There’s a term for that cold you’re going to get when you take a few days off work this holiday season: leisure sickness. And, while there are no medical studies to confirm the phenomenon, a Dutch psychologist published findings in 2002 that 3% of 1,900 people polled did say they tended to get sick on weekends and vacations, Quartz reports. Professor Ad Vingerhoets of Tilburg University in the Netherlands previously told the Guardian that his own propensity for leisure sickness spurred him to conduct the study. His thoughts, and the reigning theory, hold that all the work stress leading up to a break compromises the immune system, and then once you're finally able to rest, all that stress catches up with you. But, as Quartz points out, becoming ill on vacation likely has more to do with traveling than with taking time off work.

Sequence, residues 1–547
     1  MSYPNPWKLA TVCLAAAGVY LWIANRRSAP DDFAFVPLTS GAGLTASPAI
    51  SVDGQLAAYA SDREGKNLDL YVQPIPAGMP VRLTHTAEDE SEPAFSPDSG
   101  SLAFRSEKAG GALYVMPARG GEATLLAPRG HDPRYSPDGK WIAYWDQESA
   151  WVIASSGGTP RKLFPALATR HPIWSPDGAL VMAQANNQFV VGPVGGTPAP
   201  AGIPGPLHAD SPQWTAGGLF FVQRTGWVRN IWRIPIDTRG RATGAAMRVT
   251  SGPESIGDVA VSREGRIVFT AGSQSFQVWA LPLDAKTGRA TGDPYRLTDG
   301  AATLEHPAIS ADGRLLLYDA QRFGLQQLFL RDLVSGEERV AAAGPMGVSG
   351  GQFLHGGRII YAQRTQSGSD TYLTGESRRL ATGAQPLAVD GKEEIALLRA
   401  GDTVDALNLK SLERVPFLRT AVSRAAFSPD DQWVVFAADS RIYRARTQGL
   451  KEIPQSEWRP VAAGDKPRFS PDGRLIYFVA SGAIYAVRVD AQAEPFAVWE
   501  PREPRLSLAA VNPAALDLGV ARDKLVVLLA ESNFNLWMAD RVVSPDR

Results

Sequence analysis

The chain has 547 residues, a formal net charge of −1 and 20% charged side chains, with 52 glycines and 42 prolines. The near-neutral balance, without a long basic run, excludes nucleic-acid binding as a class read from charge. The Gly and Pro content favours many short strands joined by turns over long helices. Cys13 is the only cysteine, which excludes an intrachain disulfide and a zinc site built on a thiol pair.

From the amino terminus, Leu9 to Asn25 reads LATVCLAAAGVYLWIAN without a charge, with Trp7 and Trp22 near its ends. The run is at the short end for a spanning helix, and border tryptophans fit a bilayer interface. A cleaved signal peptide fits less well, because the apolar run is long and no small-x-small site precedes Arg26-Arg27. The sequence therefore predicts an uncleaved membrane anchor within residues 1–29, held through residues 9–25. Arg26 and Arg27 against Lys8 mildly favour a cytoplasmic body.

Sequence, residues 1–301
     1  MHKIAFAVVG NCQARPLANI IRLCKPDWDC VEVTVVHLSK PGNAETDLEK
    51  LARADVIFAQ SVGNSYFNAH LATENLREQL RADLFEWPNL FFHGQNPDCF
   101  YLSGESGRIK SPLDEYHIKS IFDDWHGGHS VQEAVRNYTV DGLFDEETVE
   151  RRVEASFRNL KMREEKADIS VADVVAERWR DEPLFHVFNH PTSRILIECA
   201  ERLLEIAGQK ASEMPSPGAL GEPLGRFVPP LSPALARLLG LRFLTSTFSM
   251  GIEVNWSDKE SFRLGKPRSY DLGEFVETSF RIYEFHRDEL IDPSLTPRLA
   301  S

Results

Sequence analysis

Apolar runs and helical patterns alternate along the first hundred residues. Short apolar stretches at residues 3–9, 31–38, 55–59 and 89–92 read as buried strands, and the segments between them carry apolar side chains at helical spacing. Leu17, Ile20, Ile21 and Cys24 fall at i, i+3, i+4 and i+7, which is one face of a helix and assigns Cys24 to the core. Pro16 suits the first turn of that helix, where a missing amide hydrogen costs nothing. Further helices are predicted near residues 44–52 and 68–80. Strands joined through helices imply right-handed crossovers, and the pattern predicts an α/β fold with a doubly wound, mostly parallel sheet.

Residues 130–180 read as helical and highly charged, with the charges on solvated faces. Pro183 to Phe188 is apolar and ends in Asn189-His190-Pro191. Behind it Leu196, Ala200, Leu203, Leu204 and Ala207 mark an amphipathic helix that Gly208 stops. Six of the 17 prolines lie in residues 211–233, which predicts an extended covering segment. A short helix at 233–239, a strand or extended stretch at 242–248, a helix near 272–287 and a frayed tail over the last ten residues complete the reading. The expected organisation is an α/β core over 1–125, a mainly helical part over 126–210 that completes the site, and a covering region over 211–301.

“Whether influenza, the common cold, or other viruses, it’s really quite clear that mass transportation contributes to transmission,” William Schaffner, professor of preventive medicine at Vanderbilt University Medical Center, tells Quartz. In our daily lives, we build up antibodies to fight the germs around us, but at an airport, we're exposed to new viruses from around the globe. Worse, many viruses spread more easily in crowded places like airports, and the relatively low humidity inside airplane cabins also help them to spread. There's also the fact that "people [probably] remember illnesses during vacations better than those that occur during more regular work schedules," one psychology professor points out. The best way to avoid getting sick this holiday season, Schaffner says: Get a flu shot. (This study predicts how often adults and kids will get the flu.)